LEO is a dazzling, gravity-defying creation
Original idea and performance by Tobias Wegner. Directed by Daniel Brière. A Circle of Eleven production presented by the Cultch. At the Cultch’s Historic Theatre on Tuesday, December 4. Continues until December 15
LEO is that rare thing—a truly original and dazzling creation.
In this wordless performance, a man finds himself trapped in a room. He soon discovers that the usual rules of gravity don’t apply here, and he begins to explore the possibilities of the space with a child’s glee: climbing the walls, tossing his hat in the air to see where it lands. The most commonplace actions, like drinking a bottle of water, become magical.
To explain how this is achieved would be to give away the first, and perhaps the most crucial, of LEO’s surprises, so let’s just say the show relies on a daring combination of video projection and live performance, and none of it would be possible without the remarkable acrobatic skill and stamina of solo performer Tobias Wegner. His talent is paradoxical: he re-creates the ordinary through extraordinary means, and we are simultaneously disoriented and reoriented, again and again.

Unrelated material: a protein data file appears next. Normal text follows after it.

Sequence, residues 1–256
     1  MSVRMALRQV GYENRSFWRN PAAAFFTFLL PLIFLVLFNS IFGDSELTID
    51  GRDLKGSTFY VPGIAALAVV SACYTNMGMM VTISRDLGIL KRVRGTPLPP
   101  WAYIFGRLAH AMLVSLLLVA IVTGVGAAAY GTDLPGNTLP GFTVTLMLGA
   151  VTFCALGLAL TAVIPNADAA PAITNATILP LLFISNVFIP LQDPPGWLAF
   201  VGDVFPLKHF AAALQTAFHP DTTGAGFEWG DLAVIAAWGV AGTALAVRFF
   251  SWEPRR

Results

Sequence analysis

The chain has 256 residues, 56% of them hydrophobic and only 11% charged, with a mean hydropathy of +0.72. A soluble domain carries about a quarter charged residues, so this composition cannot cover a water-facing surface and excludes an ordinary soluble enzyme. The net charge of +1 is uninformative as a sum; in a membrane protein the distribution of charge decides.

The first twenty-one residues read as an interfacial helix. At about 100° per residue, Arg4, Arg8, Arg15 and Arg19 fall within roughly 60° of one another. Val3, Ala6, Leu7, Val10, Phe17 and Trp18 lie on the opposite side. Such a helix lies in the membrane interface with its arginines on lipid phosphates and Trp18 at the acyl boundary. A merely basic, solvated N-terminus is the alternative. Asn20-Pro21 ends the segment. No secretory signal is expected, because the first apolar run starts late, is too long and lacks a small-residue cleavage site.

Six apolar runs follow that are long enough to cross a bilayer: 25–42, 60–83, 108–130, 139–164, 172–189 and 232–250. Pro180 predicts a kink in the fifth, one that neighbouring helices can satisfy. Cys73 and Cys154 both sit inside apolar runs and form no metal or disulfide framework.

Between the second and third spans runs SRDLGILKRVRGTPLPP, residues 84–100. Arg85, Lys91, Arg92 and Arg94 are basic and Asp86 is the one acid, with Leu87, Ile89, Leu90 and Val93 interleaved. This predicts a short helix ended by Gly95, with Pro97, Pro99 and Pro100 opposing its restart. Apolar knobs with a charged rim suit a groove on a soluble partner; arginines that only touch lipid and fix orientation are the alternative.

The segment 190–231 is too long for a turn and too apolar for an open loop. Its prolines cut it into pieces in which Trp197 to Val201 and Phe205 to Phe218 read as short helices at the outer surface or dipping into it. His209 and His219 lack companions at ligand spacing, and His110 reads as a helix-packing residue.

After a while, the man grows tired of the empty space. He finds a piece of chalk, and like the protagonist in Crockett Johnson’s children’s classic Harold and the Purple Crayon, he begins to fill in and populate his world with furniture, a radio, plants, and even a few pets. The show’s magic moves to another level as the animals come alive through animation.
As the animation literally begins to fill the room, the show segues into its third and final movement, a trippy, surreal sequence in which Wegner’s acrobatics shift into the realm of pure dance. His fluid movements are echoed in time-delayed video projections, creating a ghostly effect that is both visually breathtaking and thematically satisfying.
Wegner’s virtuosity is world-class: he’s performed this show on five continents. With Daniel Brière’s skillful direction and Juan Kruz Diaz de Garaio Esnaola’s choreography, Wegner makes difficult acrobatics look effortless; he’s also a charmingly understated clown. Ingo Panke’s animation and Heiko Kalmbach’s video design are perfect partners.
I’ve been deliberately vague in describing how LEO works its magic, but that’s only because you really need to see it for yourself.